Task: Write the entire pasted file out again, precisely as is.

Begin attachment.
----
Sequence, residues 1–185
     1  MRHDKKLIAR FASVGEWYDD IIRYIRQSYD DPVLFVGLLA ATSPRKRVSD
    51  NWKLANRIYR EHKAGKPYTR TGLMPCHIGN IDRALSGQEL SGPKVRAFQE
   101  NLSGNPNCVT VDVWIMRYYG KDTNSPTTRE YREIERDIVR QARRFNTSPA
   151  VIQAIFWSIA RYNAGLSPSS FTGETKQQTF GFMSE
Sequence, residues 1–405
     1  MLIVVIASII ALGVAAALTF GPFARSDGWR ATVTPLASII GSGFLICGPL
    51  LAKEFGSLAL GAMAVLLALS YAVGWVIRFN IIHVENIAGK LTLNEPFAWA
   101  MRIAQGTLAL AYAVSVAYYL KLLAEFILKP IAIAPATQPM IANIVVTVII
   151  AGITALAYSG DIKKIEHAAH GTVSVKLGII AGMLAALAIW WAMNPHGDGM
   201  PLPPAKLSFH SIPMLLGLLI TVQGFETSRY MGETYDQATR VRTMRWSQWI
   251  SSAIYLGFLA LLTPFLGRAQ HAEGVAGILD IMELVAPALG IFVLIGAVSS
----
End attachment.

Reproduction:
Sequence, residues 1–185
     1  MRHDKKLIAR FASVGEWYDD IIRYIRQSYD DPVLFVGLLA ATSPRKRVSD
    51  NWKLANRIYR EHKAGKPYTR TGLMPCHIGN IDRALSGQEL SGPKVRAFQE
   101  NLSGNPNCVT VDVWIMRYYG KDTNSPTTRE YREIERDIVR QARRFNTSPA
   151  VIQAIFWSIA RYNAGLSPSS FTGETKQQTF GFMSE
Sequence, residues 1–405
     1  MLIVVIASII ALGVAAALTF GPFARSDGWR ATVTPLASII GSGFLICGPL
    51  LAKEFGSLAL GAMAVLLALS YAVGWVIRFN IIHVENIAGK LTLNEPFAWA
   101  MRIAQGTLAL AYAVSVAYYL KLLAEFILKP IAIAPATQPM IANIVVTVII
   151  AGITALAYSG DIKKIEHAAH GTVSVKLGII AGMLAALAIW WAMNPHGDGM
   201  PLPPAKLSFH SIPMLLGLLI TVQGFETSRY MGETYDQATR VRTMRWSQWI
   251  SSAIYLGFLA LLTPFLGRAQ HAEGVAGILD IMELVAPALG IFVLIGAVSS